So, reluctantly, Alan came into his next session and told his therapist that he wanted to leave treatment. His therapist was able to reflect back to Alan just how anxious he had become once they began talking about his childhood. She also told him that this was not unusual.

When Alan heard this, he was able to relax a little and think back as to when he began cancelling sessions and coming in late. He realized that it coincided with talking about when his mother disappeared from the family household. His mother left when Alan was four, and Alan never saw her again. No one knew of her whereabouts. His father tried to manage as best as he could but, with five children, his father was often overwhelmed, he began drinking excessively, and Alan often felt alone.

When Alan got older, he thought of himself as being "independent" and "not needing anyone." But it was clear to his therapist that this was a pseudo independence. It was a defense against opening up his heart and getting hurt again. Alan had never recognized this before. When his therapist discussed this with him, it resonated with him, and he felt it to be true. He also knew that this was a breakthrough for him in his therapy. So, he decided to stick it out in treatment and not to run because of his fear. Whenever he felt the urge to flee from treatment, he talked about it with his therapist and each time he gained new insights into himself.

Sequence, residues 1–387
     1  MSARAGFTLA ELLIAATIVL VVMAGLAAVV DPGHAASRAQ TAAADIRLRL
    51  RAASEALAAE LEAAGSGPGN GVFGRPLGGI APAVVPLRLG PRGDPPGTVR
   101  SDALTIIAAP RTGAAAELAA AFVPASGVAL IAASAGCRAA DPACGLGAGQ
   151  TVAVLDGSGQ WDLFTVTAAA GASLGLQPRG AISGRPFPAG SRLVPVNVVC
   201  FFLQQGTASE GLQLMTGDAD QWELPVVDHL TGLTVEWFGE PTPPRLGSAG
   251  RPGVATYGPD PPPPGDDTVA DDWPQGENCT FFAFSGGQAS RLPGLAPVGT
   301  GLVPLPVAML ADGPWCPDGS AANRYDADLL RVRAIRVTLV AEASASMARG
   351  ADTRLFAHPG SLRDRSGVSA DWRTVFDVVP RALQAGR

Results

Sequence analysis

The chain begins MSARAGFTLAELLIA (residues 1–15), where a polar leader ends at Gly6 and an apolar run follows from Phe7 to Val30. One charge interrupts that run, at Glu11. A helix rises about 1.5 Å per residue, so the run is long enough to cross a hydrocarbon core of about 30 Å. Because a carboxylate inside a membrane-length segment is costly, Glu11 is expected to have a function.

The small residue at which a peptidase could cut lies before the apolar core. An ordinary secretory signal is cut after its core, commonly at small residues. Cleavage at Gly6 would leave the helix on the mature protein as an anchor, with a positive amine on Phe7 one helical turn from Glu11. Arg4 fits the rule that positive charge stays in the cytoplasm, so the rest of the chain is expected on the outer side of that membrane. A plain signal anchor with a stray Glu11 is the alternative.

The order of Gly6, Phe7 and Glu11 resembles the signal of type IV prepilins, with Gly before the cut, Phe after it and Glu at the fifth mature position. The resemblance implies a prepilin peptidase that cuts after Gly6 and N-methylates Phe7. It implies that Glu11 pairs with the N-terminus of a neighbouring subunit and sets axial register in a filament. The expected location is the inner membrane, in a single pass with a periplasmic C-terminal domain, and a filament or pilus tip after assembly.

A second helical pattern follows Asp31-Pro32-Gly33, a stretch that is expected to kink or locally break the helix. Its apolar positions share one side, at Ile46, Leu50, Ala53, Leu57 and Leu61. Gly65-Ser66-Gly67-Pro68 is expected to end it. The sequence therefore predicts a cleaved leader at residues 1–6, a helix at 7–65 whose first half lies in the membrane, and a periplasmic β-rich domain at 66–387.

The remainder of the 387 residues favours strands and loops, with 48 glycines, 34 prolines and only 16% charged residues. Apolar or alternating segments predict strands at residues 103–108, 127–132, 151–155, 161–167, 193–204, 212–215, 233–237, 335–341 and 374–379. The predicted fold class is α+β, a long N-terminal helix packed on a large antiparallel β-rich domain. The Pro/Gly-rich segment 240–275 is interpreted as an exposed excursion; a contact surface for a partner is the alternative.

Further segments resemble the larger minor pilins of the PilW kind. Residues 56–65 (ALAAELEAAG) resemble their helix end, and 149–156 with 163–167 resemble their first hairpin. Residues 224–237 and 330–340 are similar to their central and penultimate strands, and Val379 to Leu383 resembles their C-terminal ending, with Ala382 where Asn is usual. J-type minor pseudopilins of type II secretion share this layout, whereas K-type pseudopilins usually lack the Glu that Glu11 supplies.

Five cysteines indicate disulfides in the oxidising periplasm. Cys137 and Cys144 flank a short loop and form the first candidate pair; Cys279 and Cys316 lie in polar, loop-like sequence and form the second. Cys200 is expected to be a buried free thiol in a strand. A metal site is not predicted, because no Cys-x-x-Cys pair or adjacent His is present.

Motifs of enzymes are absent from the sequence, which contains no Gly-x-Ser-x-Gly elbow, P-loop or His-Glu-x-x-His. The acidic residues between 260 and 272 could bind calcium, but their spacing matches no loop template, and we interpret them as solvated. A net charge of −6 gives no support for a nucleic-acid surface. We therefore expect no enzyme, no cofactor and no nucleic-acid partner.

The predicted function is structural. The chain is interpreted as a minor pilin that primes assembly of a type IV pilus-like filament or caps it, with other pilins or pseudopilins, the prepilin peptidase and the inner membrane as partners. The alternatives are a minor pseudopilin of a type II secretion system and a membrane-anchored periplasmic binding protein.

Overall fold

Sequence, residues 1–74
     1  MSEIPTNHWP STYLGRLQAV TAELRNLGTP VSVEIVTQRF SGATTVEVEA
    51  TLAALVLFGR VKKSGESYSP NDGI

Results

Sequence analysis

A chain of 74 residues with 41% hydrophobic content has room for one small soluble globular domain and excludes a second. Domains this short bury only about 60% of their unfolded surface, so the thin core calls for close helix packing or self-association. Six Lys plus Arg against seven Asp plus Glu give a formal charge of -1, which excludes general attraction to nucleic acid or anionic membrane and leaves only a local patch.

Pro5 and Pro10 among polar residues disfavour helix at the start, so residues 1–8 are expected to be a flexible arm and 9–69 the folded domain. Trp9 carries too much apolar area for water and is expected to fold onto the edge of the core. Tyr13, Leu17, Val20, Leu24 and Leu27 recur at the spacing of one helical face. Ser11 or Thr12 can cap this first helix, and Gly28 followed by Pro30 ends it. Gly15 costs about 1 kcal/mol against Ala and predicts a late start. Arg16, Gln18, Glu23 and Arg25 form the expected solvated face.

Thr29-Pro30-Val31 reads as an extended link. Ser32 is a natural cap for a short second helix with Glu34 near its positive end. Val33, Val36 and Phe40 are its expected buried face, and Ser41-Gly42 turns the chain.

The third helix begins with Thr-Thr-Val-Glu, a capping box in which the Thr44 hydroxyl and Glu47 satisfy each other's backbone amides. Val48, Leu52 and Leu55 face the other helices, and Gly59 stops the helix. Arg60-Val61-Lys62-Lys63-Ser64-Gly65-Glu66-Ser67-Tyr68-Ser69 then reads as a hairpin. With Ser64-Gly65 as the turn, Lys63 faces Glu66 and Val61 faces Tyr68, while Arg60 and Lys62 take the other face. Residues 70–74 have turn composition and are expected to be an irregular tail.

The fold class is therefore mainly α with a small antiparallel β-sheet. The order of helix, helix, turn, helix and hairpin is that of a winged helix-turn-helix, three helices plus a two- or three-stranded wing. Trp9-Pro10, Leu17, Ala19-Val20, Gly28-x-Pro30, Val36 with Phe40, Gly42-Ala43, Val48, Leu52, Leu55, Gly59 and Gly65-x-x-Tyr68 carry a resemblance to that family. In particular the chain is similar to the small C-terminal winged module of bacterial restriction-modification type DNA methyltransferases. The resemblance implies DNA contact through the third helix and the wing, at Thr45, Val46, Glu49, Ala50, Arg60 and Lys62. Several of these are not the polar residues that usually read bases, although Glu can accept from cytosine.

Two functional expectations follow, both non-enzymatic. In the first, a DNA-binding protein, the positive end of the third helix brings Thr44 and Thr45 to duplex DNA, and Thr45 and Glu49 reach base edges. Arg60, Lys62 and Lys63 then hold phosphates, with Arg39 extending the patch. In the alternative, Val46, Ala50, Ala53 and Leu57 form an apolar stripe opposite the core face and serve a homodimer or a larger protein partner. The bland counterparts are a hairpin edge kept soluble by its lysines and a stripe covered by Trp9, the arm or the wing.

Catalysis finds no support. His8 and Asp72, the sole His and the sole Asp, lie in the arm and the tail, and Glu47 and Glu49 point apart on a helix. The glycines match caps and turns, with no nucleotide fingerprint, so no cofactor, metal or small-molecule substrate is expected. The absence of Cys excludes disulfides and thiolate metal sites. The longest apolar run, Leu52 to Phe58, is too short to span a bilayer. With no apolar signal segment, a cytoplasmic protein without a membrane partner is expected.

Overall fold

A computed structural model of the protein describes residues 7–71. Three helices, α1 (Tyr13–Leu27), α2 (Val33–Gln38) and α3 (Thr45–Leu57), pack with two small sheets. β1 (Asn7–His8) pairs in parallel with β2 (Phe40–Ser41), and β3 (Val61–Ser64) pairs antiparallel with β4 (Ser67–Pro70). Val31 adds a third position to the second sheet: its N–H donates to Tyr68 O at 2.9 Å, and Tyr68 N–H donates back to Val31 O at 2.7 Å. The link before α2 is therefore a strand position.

He also realized that when he felt fearful in therapy and he was tempted to leave, he was going through a parallel process in his therapy that was similar to how he felt in his relationship with Paula. In addition, he realized that his issues were complicated and treatment would not be brief.

Over time, as Alan continued to explore his childhood issues, he continued to gain new insights into why getting close to Paula was frightening for him. Rather than fleeing from his relationship with Paula or fleeing from his therapist, he learned to stay in these relationships and to manage his anxiety while he worked through his problems.

If You're Thinking About Leaving Treatment, Talk to Your Psychotherapist in Person:
Many clients feel too uncomfortable about talking to their therapists in person about leaving treatment. They will often leave a voicemail message or send an email. But when clients leave treatment in this way, they are short changing themselves and the treatment process (see my article: How to Talk to Your Therapist If Something is Bothering You About Your Therapy).

It's worthwhile to remember that the therapeutic relationship between a client and a therapist is still a relationship, albeit a professional relationship. You owe it to yourself and the treatment to talk to your therapist in person if you want to leave treatment or you're thinking about it.

Clients who leave voicemail messages or send emails to end treatment often regret it afterwards. Even if there are legitimate reasons to leave treatment, they've had no closure to the relationship. And it's not surprising that these same clients do similar things in their personal relationships by avoiding direct communication with people in their lives when there are unpleasant or uncomfortable things to talk about.

I hope this article has been helpful to you or someone that you know who might be thinking about leaving psychotherapy treatment prematurely. There are many other reasons why clients leave treatment prematurely, but the issues that I've discussed above tend to be the most common reasons.

About Me
I am a licensed NYC psychotherapist, hypnotherapist EMDR and Somatic Experiencing therapist.  

I work with individual adults and couples.

To find out more about me, visit my website:  Josephine Ferraro, LCSW - NYC Psychotherapist

To set up a consultation, call me at (917) 742-2624 during regular business hours or email me.

Also, see article:  Returning to Therapy